Mandrake the Magician is a classic comic strip character first published by newspaper syndicate United Features and created by American cartoonist Lee Falk in 1934, two years before the latter created the official “first superhero” in comics, the Phantom. Mandrake was a magician who would trick villains as he travelled the world with his partner, super strong and super durable African prince Lothar, who in effect was the first black superhero. But there was another Mandrake the Magician that tends to be forgotten, that appeared on the stage before his eponymous comic strip counterpart. Let’s explore the history of Leon Mandrake, magician, and mentalist.
Born in 1911, Canadian Leon (Gioglio) Mandrake was a stage magician based in Vancouver, Canada who starred on stage under the label Mandrake the Magician as early as 1927. He travelled North America and performed as Mandrake the Magician across North America. Ironically, according to Don Markstein, Falk had created the comics strip Mandrake the Magician in 1924 but only submitted it for print years later. The comic strip character that looked eerily like Gioglio.
The resemblance between the fictional character, and the stage magician was acknowledged early on, and the King Features creators and Gioglio would play with meta-narrative crossovers over the years, without any conflict involving copyrights nor trademark. These were the days! Both the stage magician wore tuxedos, were skinny and had fine moustaches. Both enjoyed a living entertaining guests and audiences for years.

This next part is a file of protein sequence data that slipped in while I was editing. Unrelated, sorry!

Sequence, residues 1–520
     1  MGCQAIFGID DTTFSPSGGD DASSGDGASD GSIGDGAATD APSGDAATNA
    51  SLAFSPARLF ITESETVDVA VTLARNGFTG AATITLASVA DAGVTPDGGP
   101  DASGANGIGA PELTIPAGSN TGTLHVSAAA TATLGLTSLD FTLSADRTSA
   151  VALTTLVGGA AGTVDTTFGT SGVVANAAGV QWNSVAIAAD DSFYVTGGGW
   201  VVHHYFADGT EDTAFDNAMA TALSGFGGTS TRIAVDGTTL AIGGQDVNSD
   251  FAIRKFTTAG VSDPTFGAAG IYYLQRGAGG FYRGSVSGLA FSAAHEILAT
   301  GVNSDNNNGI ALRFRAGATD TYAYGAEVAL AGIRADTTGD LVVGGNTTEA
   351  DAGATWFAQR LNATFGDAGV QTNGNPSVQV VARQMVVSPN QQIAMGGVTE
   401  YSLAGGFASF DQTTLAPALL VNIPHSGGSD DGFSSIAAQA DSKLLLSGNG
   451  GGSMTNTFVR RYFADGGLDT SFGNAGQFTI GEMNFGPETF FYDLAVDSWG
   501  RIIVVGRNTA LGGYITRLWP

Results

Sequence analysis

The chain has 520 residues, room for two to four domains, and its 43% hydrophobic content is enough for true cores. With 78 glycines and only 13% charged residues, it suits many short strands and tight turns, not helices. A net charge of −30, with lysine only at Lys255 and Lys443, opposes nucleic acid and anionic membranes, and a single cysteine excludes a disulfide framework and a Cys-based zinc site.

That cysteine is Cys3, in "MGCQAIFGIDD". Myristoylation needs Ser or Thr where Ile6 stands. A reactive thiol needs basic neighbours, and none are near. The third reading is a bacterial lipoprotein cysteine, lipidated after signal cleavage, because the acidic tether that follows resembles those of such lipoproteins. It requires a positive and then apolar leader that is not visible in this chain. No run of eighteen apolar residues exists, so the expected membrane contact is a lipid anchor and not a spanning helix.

Leon Gioglio performed his last show in 1985, again in his native British Columbia and died in 1993. While we don’t know if Gioglio foiled nefarious plots by villains and dictators as his comic strip brother did, the question of whether Falk had based his fictional character directly on the stage magician was never resolved.
The Comic strip’s Mandrake the Magician
, of course survived his real-life counterpart and continues to appear in comic strips, comics, cartoons, television and a host of other media. The titular comic strip ended in 2013 when the current cartoonist Fred Fredericks retired. Prior, Falk had worked on the strip as a writer, joined by cartoonist Phil Davis in 1934 until his death in 1964. Mandrake the Magician is the prototype for many popular comic magicians such as Zatara, his daughter Zatanna
, Sargon the Sorcerer, Ibis the Invincible, and many more.
The Surrey Museum, in British Columbia, Canada ran an extensive exhibit on Mandrake the Magician that looked at both the fictional and the stage artist, early in 2021. An online virtual tour is still accessible from the Surrey Museum for those interested in accessing the exhibit.